iCloud has become a big deal in the lives of many and as a musician It couldn’t be more handy. Granted, it's not perfect. But with a little bit of housecleaning it really can be a boon to the freelance producer/musician/artist who lives on multiple computers, multiple devices and needs a whole bunch of storage space.
You’ll notice that the hard drives going into modern laptops, iPads and phones are not getting much bigger. Though, the prices generally are. Upgrading on the Apple Store from a smaller drive to a bigger drive before purchase tends to tag another couple of hundred dollars on to the purchase of a device, making one seriously consider whether they really need that much. Apple’s biggest answer to the storage dilemma is to purchase iCloud storage. Thankfully, at the the moment the Cloud isn't that pricey. If you own an iPhone or most other Apple devices, you probably have an iCloud account anyway, for photos, contacts, and all other aspects of the iOS platform that the Cloud has been made manifest in.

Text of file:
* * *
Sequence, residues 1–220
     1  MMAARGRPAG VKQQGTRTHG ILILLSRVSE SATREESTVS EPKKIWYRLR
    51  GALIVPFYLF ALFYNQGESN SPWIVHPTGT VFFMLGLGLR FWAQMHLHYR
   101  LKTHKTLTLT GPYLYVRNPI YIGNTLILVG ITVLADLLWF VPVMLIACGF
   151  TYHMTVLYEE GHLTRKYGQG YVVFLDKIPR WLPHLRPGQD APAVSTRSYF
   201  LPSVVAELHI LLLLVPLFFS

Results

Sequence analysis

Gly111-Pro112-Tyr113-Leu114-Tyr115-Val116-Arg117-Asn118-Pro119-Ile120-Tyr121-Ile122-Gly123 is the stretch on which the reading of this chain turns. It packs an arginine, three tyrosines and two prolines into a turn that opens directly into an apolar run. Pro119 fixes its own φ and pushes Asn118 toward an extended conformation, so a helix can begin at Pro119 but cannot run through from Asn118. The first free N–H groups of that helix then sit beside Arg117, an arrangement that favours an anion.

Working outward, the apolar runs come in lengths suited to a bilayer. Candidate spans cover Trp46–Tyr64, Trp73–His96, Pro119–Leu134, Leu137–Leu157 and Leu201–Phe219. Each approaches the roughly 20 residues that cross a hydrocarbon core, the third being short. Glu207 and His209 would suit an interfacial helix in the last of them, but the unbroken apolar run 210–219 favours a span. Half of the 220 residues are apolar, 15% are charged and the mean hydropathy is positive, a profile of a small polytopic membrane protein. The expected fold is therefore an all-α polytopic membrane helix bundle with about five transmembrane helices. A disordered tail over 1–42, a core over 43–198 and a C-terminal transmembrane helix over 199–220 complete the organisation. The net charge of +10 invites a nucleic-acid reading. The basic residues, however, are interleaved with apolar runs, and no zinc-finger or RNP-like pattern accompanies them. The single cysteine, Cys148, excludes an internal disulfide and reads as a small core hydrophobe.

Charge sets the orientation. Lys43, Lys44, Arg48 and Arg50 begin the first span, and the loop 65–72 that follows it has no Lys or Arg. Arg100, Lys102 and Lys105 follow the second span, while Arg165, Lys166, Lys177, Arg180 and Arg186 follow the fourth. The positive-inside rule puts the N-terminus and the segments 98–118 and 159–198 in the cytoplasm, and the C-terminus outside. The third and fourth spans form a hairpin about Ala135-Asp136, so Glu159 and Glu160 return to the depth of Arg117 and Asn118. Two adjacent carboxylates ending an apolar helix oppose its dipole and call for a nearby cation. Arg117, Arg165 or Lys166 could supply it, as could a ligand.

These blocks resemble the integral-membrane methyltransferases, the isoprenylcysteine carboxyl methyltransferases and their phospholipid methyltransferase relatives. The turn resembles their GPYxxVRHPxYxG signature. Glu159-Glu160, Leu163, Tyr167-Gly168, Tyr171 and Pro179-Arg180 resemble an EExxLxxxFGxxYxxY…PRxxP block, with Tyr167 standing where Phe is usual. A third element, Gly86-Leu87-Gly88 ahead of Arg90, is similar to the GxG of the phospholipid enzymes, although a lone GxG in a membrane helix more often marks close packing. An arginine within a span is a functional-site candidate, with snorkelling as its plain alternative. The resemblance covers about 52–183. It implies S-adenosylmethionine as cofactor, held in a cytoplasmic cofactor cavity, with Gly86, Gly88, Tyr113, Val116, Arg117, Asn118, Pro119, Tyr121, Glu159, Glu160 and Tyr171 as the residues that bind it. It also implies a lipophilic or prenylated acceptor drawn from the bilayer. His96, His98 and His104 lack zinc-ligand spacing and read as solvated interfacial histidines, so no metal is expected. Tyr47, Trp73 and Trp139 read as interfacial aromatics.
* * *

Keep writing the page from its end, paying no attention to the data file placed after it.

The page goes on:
Personally speaking, I keep a backup of my projects on both an external drive and iCloud. iCloud at this point has become my main work drive mainly because of the way iCloud is integrated in to the current OS (currently, I’m still on Sierra). It’s so seamless that I have cloud directories within the Favorites section of Finder, that aren’t even currently loaded.
Out of iCloud I work on Ableton, Reason, Logic, Pro Tools, and even my Desktop projects (like silly pics I’ll post on Facebook, and want to reference later on my iPhone) files on iCloud. But I back up major versions of a session to my external drive, with all pertinent audio, notes, lyric documents and even production notes and video, as individual songs hit certain milestones.
Because cloud based projects have to be downloaded locally, I use the power of my internal hard drive’s SSD speed when programming and editing. The only thing I’ve run into is forgetting to go in to Ableton sessions and downloading the Samples folder. If you begin using the cloud for production, don’t forget this when you port a project in to your current local drive.